All this stress can lead mothers to question what they’re doing wrong and sometimes experience extreme guilt that they’re not doing what they should, or that they’re baby isn’t getting what they need. With the birth of my first child I went through all of the problems above and more. I had this beautiful picture in my head of how everything would work and when things didn’t pan out that way I was left stressed, tired and depressed. I even suffered extreme bouts of guilt, believing that I was doing something wrong, and listening to my son’s cries were a horrible burden to bare.


At the hospital we had a different midwife every 6 hours and they all seemed to have conflicting advice on what to do so at the end of our stay I was left even more confused and upset. It wasn’t until I did my own research in books and on the internet and figured out what worked best for me that I really started to find a rhythm and baby and I both started to really enjoy breastfeeding.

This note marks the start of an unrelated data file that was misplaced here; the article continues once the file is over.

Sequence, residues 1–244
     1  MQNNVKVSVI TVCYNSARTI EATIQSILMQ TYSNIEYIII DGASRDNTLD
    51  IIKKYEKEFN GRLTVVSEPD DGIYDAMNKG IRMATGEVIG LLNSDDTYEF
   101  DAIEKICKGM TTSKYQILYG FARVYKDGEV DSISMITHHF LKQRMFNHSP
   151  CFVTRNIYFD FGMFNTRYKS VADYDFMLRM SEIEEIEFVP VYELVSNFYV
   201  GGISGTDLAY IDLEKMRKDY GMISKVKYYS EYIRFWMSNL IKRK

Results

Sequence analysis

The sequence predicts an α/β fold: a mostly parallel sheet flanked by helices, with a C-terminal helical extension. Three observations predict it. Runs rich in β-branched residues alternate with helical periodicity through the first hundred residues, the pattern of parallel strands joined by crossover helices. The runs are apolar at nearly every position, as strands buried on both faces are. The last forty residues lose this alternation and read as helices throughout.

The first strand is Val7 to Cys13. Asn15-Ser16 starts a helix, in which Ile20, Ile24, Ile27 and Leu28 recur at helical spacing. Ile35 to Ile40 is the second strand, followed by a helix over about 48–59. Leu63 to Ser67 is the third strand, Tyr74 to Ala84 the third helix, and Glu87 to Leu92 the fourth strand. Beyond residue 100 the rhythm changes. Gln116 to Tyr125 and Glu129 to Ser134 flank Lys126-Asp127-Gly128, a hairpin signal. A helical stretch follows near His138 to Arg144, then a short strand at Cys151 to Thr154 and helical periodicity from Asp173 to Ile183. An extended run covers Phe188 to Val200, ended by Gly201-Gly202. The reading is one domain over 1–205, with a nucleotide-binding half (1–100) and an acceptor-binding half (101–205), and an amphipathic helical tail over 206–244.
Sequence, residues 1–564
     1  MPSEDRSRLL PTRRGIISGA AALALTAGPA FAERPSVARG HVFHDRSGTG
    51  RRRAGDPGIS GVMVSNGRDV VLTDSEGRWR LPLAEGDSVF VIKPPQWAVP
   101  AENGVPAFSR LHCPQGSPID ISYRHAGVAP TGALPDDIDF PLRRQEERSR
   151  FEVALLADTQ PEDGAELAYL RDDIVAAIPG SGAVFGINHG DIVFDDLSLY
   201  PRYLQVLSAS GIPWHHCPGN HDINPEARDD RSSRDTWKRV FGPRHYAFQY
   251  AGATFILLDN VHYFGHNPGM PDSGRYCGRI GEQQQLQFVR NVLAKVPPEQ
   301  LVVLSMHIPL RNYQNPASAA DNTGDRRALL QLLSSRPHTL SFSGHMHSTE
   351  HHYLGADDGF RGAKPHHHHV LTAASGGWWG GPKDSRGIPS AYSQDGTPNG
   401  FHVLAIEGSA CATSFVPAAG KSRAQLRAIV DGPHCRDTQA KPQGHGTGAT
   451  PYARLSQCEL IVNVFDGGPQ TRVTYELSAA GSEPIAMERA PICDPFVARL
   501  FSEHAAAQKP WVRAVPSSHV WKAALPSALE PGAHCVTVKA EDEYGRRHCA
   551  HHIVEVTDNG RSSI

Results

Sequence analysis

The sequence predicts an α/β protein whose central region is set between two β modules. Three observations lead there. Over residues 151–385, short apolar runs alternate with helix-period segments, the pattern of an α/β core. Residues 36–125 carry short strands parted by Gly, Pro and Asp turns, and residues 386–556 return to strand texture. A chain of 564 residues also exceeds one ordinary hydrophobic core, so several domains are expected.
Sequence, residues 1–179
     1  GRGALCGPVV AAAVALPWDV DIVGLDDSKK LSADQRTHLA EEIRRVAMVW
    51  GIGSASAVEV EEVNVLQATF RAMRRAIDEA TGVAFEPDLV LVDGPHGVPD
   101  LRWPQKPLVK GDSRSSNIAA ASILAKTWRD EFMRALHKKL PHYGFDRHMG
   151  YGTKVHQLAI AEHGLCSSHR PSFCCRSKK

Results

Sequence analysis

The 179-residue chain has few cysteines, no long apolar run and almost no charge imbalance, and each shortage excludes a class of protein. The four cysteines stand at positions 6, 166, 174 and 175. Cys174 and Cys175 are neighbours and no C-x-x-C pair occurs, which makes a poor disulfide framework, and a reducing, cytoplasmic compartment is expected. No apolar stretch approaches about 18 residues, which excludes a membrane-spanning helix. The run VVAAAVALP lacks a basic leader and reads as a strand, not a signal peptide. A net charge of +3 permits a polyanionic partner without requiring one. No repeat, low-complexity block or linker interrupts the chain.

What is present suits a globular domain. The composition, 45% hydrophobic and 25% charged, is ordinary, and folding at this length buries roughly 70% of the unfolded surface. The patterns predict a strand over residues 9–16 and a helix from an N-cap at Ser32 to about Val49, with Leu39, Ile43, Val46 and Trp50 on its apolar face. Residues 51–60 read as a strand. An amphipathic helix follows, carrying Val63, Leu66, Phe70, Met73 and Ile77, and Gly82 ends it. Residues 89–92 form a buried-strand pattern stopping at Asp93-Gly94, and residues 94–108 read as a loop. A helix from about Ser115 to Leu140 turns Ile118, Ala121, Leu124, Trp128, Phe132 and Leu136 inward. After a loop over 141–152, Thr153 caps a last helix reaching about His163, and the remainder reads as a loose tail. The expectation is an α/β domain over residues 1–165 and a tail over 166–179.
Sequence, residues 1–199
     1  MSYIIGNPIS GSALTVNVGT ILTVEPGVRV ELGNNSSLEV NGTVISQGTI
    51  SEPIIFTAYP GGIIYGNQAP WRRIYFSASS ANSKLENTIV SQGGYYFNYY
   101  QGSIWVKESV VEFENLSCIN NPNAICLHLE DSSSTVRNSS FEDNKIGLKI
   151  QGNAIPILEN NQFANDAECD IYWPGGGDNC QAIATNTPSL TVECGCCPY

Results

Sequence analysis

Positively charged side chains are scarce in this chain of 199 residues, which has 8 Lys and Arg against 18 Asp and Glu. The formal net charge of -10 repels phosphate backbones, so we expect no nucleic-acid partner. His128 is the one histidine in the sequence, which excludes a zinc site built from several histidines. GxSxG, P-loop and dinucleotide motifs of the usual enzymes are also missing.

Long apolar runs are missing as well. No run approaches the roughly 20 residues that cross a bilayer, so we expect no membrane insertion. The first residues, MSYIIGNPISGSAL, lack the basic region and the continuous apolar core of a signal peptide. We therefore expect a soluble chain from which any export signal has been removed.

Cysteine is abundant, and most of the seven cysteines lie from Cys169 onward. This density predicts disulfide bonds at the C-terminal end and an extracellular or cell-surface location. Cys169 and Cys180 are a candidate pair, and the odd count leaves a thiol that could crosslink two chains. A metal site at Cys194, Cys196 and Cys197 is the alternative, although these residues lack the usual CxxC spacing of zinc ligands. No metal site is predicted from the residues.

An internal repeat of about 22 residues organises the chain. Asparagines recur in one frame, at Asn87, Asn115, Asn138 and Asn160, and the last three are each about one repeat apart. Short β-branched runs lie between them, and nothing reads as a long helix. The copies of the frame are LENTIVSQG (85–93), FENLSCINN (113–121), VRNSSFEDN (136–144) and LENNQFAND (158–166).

The fact is that there is a lot of conflicting advice and beliefs about breastfeeding out there. But it really comes down to each individual situation as to what will work and what won’t. If you’re having trouble breastfeeding your child then by all means, seek help from professionals but at the end of the day every baby is different and every mother is different, so try a few things out. Stick with what works and discard what doesn’t. But most of all, be patient and don’t let it stress you out.  Just keep going and before you know it, you’ll both be experts.

-Tanya Allsop


If you’re having trouble breastfeeding, or if you want to learn more about it then I highly recommend Breastfeeding Simply by Pinky McKay; an internationally certified lactation consultant , a breast feeding specialist consultant for the best selling baby magazines in Australia (Practical Parenting) and New Zealand (Littlies), and author . Her books have helped mothers all over the world, and this one is available in e-book format so you don’t have to wait for delivery. Click here to read about it.

Breast pumps can be a godsend for nursing mothers. They can give you the freedom to go back to work, ensuring your baby is well nourished, they can allow the father to enjoy the bonding experience of feeding, or they can simply give you some much needed rest while someone else feeds the baby.